If we were always chasing the latest SEO trends, we’d never get anything done! Instead, it is much more important to focus on the quality of your content: make sure your website has a fast loading speed, useful links and well-written content that considers the user’s needs and intent, with keywords in context.
By ensuring that your site has good quality and relevant content that speaks to your users, no matter what new algorithm changes come in, you can be certain that your website will be in a good position. Algorithms are always going to be focused on improving user experience and providing them with the most relevant content, which is what your content strategy should focus on too!
There is a clear evolution with the new algorithm updates, going back to Google’s 2013 Hummingbird update, Google is moving towards a more genuine human form of communication and utilising conversational language. By getting smarter and learning to recognise human’s intentions when searching and natural language processing, Google is offering a more tailored experience when offering search results. Which means your content needs to match that, we’ve already seen a rise in voice search and the use of conversational language.
What is the BERT Algorithm?
The Bidirectional Encoder Representations from Transformers (BERT) is a deep learning algorithm which is related to natural language processing. It helps a machine to understand what the words in a sentence mean, with all of the nuances of context.
By applying the BERT model to ranking and featured snippets in Search, Google is able to create a more personalised user experience with providing useful information. In fact, when it comes to ranking results, BERT will help Search better understand one in 10 searches in English in the US. Google are already working to develop this across more languages and regions. By Search being able to better understand the context and the intention of a user’s query, the search experience will be a more natural and personalised experience.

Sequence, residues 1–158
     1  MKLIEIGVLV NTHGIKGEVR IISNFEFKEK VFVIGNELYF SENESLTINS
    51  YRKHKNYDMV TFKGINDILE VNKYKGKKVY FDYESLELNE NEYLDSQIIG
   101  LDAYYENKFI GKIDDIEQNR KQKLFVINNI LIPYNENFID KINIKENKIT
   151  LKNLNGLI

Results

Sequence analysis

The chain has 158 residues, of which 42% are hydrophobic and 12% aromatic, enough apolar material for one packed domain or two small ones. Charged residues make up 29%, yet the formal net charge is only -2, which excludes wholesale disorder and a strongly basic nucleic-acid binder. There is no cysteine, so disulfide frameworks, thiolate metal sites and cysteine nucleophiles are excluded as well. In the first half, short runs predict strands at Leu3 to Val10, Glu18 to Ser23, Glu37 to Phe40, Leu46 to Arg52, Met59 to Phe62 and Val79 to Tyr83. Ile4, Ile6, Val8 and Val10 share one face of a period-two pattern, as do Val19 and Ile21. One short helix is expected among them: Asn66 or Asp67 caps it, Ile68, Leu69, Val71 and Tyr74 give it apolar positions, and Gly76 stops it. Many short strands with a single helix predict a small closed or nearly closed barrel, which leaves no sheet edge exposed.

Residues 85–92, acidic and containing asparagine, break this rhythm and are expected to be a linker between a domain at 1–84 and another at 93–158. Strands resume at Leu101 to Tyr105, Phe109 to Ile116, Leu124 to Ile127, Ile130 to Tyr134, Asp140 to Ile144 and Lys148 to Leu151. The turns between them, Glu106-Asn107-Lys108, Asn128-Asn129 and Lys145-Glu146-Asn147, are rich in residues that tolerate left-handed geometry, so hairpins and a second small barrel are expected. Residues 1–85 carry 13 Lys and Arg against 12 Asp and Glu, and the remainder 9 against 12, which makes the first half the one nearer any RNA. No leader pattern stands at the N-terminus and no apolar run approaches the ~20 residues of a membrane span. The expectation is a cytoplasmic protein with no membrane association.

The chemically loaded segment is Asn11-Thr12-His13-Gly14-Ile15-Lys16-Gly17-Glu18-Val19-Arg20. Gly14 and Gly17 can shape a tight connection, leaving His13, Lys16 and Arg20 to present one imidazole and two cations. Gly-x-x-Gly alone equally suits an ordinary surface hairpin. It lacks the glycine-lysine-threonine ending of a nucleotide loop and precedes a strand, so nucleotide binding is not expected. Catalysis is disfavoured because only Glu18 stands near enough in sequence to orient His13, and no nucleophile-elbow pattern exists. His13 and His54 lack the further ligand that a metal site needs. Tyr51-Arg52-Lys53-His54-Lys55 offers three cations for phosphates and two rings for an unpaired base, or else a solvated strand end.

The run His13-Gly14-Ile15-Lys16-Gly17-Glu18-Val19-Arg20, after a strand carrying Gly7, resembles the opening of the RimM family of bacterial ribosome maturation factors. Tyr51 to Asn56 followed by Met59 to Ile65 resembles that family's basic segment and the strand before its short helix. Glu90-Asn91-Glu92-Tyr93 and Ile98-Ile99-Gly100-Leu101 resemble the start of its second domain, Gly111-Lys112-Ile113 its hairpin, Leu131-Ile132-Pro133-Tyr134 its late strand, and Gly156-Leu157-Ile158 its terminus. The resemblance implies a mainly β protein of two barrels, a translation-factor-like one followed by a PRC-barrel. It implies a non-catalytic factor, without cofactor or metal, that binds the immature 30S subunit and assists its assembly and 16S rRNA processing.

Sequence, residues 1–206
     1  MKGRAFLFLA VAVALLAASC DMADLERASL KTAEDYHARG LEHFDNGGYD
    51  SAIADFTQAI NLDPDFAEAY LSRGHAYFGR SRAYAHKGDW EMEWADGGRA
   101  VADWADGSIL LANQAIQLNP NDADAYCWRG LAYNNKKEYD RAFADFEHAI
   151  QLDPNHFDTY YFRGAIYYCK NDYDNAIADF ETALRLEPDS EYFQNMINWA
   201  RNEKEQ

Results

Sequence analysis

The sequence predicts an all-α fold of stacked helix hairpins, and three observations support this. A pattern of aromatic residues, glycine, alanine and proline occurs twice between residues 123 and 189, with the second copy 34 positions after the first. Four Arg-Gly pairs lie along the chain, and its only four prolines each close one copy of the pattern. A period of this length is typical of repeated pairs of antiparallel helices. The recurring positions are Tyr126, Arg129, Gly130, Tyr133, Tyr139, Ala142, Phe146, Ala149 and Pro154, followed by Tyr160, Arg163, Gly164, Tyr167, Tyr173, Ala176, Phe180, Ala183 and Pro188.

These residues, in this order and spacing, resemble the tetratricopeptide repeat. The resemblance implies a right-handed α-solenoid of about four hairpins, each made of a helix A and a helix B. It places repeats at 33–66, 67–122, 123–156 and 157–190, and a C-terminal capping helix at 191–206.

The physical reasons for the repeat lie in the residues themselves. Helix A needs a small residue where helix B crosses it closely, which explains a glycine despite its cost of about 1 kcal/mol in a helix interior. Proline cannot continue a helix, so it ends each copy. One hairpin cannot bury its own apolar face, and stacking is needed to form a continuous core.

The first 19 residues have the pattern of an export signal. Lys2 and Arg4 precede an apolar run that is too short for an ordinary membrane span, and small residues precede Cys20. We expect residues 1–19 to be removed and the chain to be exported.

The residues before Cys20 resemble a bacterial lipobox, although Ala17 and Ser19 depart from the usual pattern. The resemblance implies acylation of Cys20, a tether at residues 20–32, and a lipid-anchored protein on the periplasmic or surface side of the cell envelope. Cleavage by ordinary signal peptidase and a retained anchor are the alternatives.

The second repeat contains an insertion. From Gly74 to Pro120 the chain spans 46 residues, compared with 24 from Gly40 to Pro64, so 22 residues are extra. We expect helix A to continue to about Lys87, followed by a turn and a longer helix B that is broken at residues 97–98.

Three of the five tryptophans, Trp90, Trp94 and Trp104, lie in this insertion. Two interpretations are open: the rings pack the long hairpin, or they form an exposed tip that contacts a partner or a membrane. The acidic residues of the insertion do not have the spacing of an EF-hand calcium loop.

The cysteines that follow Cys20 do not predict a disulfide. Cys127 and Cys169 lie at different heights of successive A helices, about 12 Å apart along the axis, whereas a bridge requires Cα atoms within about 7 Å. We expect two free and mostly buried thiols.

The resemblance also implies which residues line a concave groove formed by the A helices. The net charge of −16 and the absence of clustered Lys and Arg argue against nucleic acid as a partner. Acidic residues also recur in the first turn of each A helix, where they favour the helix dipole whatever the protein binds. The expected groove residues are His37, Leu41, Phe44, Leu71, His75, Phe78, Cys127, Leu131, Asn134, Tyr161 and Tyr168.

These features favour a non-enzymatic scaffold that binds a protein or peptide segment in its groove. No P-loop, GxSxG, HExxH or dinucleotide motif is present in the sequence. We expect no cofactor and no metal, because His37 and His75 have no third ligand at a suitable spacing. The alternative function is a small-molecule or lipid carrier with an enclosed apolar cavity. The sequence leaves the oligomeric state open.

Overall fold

What does it mean for Content Marketing?
Google is getting more and more intelligent all the time. Recently, it went even further than ever before and upgrade its search algorithm to understand the semantics of searches, returning relevant results that didn’t only match the content of the search query but also matched the context and intent of the query. By providing search results that go beyond just what keywords are typed into the query field, Google is providing a more and more tailored user experience for Search.
As Google’s algorithms get smarter and increasingly human, it’s important to appeal to the real humans that you’re communicating with through your content. With the new BERT update, if your content includes a lot of non-relevant information or fluff, your page won’t be rewarded with higher ranking. This new update holds us content marketers to a higher
content standard than ever before.
How to Write Content for Search Engines
Copywriting is all about creating useful and valuable content that connects with your audience and targets specific keywords. By creating compelling content, you’re creating content that other people will happily share and recommend to their readers. Thereby increasing the authority and relevance of your content and improving its ranking on Google for those keywords.
Step 1: Conduct Audience Research
One of the best ways to understand search intent and what your audience is looking for when they search online, is simply: ask them.
Audience research is essential, helping you to determine which keywords your audience is using, and it will also help you to determine how to write content that naturally includes these keywords.